The 5.1 DTS-HD MA track is a seemingly faithful rendition of The Lover's Dolby SR mix boasting impressively clear and resonant dialogue that can also sound a little disembodied at times. The surround and LFE channels sporadically blossom to life with ambient effects (rainfall and the like) while lending support, if not weight, to Gabriel Yared's Chopin-inflected score. The same supplementary material appends the 4K and standard Blu-rays, starting with a 53-minute "Making-of" (on-screen title: "Jean-Jacques Annaud tourne L'amant") credited to three people--Sylvie Barillaud, Pierre-André Boutang, and Jacques Mény--and dating back, like all of these special features, to 1992, hence their 4:3 aspect ratio and 480p resolution. Now's a good time to mention that the extras are all in French with English subtitles (save the English-language deleted scenes), and, like The Lover's own optional English subtitles, the occasional typo, malapropism, and punctuation error undoubtedly reflects the intervention of German in the transcription/translation pipeline.
As for that making-of, it's pretty great. Annaud talks about turning down The Lover when it was first offered to him for the curious reason that he got along sensationally with Umberto Eco on The Name of the Rose and didn't want to push his luck by pairing up with another novelist in Duras. ("I knew Marguerite was not very sociable.") Calling her book "a sonata set against the symphonic background of colonial Asia," Annaud says he relented because he wanted to do a dirty movie. Am I paraphrasing? Barely. Annaud tours Vietnam, where the film was indeed shot, and notes that his presence as a white European is causing "real turmoil" in the villages. He aims to familiarize himself with Indochina before filming begins; the cities are in ruins, but the prewar French architecture is still standing, making his job of travelling back in time that much easier. He finds Duras's old school and even connects with someone who was a friend of her lover "Le" at the time but wasn't aware that "Mademoiselle Donnadieu" had grown up to be a world-famous writer. Incidentally, the friend looks suspiciously like Xiem Mang, who plays the Chinaman's father but never appeared in anything else. I don't know if it's him. The search for someone to play the Young Girl is covered in some depth, complete with footage of unidentified actresses answering the cattle call. (I spotted Fairuza Balk, Samantha Mathis, and Milla Jovovich among them. (Annaud casting a net for actresses 15-18 years old does not sit well in retrospect.)) I don't want to recap the whole thing; suffice it to say, this is a frank and meaty documentary bound to entertain cinephiles no matter how they feel about The Lover proper.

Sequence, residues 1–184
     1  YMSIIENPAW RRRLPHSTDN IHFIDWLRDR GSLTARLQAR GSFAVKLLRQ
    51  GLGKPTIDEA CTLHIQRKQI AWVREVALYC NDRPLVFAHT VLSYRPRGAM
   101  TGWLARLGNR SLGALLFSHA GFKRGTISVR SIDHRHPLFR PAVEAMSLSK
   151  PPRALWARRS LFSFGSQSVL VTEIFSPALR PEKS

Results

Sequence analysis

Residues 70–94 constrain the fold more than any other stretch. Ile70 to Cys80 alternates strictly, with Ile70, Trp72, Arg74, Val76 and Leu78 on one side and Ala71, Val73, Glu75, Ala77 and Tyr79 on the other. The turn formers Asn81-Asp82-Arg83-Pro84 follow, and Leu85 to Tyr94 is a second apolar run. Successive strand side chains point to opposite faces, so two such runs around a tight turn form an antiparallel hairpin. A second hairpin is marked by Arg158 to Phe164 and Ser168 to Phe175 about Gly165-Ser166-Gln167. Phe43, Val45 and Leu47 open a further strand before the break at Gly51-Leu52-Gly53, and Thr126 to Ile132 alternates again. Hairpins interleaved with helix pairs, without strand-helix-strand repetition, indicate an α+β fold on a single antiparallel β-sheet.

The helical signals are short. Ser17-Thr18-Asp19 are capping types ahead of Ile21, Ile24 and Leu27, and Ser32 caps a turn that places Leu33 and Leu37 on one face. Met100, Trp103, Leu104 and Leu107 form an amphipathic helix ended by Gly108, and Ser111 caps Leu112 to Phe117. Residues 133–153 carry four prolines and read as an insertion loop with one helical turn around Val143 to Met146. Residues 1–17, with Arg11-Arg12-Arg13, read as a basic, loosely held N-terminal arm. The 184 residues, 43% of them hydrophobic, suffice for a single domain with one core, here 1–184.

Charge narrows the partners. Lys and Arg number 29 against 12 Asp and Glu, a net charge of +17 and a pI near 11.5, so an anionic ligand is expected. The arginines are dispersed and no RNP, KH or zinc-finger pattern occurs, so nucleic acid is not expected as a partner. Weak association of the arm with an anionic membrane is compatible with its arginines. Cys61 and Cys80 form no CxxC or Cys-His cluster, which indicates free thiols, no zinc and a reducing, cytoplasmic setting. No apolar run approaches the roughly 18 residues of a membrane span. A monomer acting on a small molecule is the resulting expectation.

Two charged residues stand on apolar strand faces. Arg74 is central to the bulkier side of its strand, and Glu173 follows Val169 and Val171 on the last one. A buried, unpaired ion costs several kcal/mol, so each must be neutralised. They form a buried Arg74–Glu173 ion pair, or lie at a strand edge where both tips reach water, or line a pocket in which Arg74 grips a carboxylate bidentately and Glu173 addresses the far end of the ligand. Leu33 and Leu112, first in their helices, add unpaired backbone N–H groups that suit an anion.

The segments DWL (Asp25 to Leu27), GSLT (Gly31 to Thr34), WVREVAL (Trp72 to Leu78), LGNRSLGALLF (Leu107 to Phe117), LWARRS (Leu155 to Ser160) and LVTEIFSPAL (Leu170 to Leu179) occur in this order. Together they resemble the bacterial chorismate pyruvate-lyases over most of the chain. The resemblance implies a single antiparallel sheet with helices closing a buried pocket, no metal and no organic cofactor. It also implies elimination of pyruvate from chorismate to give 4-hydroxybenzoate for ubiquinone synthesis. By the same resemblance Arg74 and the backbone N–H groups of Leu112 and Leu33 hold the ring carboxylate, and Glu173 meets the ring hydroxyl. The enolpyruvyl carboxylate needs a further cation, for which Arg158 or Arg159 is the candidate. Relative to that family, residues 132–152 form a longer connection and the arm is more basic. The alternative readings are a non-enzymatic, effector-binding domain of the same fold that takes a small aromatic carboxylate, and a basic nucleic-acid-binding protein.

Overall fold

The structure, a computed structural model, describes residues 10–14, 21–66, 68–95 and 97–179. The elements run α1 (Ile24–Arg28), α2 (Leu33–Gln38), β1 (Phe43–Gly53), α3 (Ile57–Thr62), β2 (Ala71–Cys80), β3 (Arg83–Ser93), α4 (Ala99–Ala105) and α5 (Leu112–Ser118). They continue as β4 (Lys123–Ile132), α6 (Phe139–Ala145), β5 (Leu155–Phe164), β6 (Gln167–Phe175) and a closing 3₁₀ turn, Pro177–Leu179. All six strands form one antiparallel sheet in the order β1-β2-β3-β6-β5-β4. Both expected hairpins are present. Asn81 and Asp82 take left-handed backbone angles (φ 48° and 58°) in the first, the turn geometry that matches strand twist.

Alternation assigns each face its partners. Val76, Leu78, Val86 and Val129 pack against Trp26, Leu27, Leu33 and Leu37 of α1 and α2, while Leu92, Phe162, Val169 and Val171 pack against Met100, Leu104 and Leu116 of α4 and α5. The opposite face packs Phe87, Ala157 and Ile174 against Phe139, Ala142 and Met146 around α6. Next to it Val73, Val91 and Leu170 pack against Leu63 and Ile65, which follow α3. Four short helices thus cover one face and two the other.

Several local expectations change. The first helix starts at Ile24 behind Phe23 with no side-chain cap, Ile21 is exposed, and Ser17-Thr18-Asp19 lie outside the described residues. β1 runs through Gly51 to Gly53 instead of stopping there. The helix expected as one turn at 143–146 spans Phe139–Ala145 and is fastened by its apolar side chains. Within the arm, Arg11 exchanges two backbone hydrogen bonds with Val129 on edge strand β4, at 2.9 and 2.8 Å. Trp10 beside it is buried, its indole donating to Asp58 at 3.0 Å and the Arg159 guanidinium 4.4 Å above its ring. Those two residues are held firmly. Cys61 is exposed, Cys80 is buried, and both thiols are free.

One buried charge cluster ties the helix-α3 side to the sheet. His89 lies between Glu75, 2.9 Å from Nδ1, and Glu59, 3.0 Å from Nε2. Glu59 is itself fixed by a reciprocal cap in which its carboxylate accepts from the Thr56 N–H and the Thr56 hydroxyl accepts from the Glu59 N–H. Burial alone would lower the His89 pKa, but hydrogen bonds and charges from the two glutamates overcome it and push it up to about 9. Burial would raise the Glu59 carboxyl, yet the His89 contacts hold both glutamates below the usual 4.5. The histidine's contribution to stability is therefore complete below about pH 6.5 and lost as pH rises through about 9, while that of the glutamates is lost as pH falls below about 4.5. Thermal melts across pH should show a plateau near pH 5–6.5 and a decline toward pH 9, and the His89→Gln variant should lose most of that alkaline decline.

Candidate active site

"Interview with Novelist Marguerite Duras and Director Jean-Jacques Annaud" (13 mins.) opens with a darkly funny written disclaimer that Duras had emerged from a coma only six weeks before this meeting took place at Duras's home in January of 1990. Annaud is meeting Duras for the first time here and they are eager to swap research material concerning Hélène Lagonelle. A classmate who awakens the Young Girl's bisexuality, Hélène is a key part of the novel, and all the most graphic descriptions are of Duras's desires when she's around her. I haven't mentioned her because she disappears early from the film and doesn't leave a substantial afterimage, and after seeing the eagerness with which Duras shows Annaud a picture of Hélène I thought that was a mistake. ("I was crazy about her," Duras says.) But the longer this fascinating piece went on, the more I realized Duras may have had second thoughts about dragging Hélène into her erotic fantasies for public consumption. It's possible that Annaud was doing her a solid in downplaying the character--though in the film and in the 9-minute block of deleted scenes, Hélène (Lisa Faulkner) does manage to appear au naturel, which becomes the equivalent of women showering next to one another in a prison movie. Anyone who came to the novel as a queer text should probably brace for disappointment in this hetero-normalized adaptation.
Those "Unreleased Scenes," by the by, are in fact outtakes from The Lover, complete with slates, that bring alternate angles and line readings to light. It's a privileged glimpse inside the filmmaking process, no doubt, but in the absence of annotations it might as well be a flat-pack without instructions. Three "Picture Galleries"--"On Set," "Filming Locations," and "Marguerite Duras and Jane March"--offer animated slideshows, the latter consisting of photos of March in her Duras costume posing with various copies of L'Amant from around the world. Rounding out the 4K platter are two HiDef trailers for The Lover (one of them silent save for Yared's music) plus HD trailers for three upcoming Capelight titles: Infidelity, The Concubine, and Dream Factory. The attendant Blu-ray adds previews for Bound (SD) and A River Runs Through It (HD).
115 minutes; R; UHD: 1.85:1 (2160p/MPEG-H), Dolby Vision|HDR 10+, BD: 1.85:1 (1080p/MPEG-4); English 5.1 DTS-HD MA, French 5.1 DTS-HD MA, German 2.0 LPCM; English, French, Spanish, German subtitles; UHD: BD-100, BD: BD-50; Region-free; Capelight
i Earlier that summer, Barrymore seduced the much, much older Tom Skerritt in Poison Ivy and would go on to play Amy Fisher, the Long Island Lolita herself, in the obligatory TV movie less than a year later.
ii Without Annaud or Polanski, Brach also scripted L'Idole, a sort of funhouse-mirror version of The Lover in which young, vivacious Leelee Sobieski gives an elderly Chinese man (the great James Hong) a rather terminal case of blue balls.
iii "Hate that literary conceit," I said to our own Walter Chaw. "Just call him Bob." Ever the voice of wisdom, Walter replied: "Sets a colonial atmosphere to it all, though."
iv March is actually Eurasian but the film assigns her Duras's French ancestry.